He also recalled that in April 2019 the Universal Accessibility Plan was approved to adapt municipal road spaces to people with motor or visual disabilities, and recently the Tourist Accessibility Plan was also approved to enhance and promote the city as a benchmark for tourism for people with disabilities. “The truth is that year after year this government team is allocating economic means to achieve the continuous improvement of roads and public spaces” pointed out the mayor.
The objective of this Accessibility Improvement Plan is to achieve the Accessible Pedestrian Route (IPA) and this happens, Toni Pérez specified, “through interventions to increase the width of the sidewalks, the creation of lugs at intersections and the promotion of single platform.
Food shopping shoots up to 50% in five months in the province
Food prices are exorbitant. The cost of such basic products as oil, milk, eggs, fish, all meats and most fruits push households to change their habits. Consumers are trying to cut costs when buying in markets and supermarkets. As sellers and representatives of consumer associations explain, families have to somehow compensate for the loss of purchasing power due to the rise in food prices, which is added to that of fuel or the energy bill.
In the first five months of the year, the purchase of food in volume by Spanish households has decreased by 11% compared to the same period of the previous year, as revealed days ago by the Minister of Agriculture, Fisheries and Food, Luis Planas. Shopping has become “more selective”, and the way of filling the fridge changes: people go to supermarkets and markets more often depending on the need for products and the fridge is not happily filled, a behaviour of “crisis of consumption” in the face of rising prices.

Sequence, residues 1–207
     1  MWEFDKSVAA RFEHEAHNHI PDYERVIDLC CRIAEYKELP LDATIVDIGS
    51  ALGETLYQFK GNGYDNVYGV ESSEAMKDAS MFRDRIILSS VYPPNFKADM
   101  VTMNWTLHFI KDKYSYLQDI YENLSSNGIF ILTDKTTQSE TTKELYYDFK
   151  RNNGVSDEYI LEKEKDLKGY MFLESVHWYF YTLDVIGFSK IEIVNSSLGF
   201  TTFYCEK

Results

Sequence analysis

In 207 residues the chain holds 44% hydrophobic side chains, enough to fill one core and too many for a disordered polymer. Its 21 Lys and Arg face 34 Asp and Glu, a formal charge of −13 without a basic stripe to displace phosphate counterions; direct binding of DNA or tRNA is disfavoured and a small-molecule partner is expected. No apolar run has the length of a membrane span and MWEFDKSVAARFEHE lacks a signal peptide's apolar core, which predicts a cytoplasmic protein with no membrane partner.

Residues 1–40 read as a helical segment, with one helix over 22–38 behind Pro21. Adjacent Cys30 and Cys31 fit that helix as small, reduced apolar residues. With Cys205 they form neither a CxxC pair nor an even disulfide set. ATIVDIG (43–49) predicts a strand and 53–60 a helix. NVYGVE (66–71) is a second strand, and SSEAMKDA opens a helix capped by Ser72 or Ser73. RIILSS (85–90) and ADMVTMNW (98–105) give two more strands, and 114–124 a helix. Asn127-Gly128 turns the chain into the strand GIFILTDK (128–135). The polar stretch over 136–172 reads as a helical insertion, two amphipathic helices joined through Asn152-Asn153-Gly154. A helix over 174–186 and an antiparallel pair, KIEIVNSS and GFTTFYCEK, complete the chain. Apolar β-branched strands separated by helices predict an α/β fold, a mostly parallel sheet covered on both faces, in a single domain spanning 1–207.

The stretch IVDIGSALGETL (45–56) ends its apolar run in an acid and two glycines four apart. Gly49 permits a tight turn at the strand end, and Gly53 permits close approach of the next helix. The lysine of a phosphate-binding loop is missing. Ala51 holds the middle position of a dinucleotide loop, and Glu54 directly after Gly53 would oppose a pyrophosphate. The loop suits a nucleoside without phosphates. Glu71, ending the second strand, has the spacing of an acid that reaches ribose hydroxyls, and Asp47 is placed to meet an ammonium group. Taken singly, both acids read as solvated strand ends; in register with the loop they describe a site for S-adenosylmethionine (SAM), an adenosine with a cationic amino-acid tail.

The shopping basket is now up to 600 euros more expensive than a year ago and behind it is inflation, which reached 10.8 percent in July, according to preliminary data published by the National Institute of Statistics (INE), the most high in the last 38 years. The reality is that its cost has skyrocketed by up to 50% in five months in the second price rise recorded in a year, after the one that occurred with the outbreak of the war in Ukraine, which tripled the price of oil of sunflower and that has skyrocketed the market value of everything that contains cereals, such as bread or pasta. The Organisation of Consumers and Users (OCU) manages a study according to which this has not stopped yet and forecasts that at the end of the year the annual shopping basket will be 830 euros more expensive.
The second price rise in a year makes products such as oil between 45% and 118% more expensive; muffins and margarine 75%; bananas, 63.6%; pasta, 59.9%; frozen fish more than 50%; fruits 30%; eggs 27%; and meats, fresh fish, milk and cereals around 20%. Food retailers are already noticing the drop in consumption as less money is spent on food (an average decrease of 15%), due to the loss of purchasing power; and the small stores are beginning to forget to close their stalls in the summer, as they did until now, to proceed to take turns resting without closing the blinds. An example of the progressive rise in prices is something as basic as natural yoghurt: a year ago they cost 0.99 euros; they rose to 1.19 after the conflict between Ukraine and Russia, and now they are worth 1.25 euros.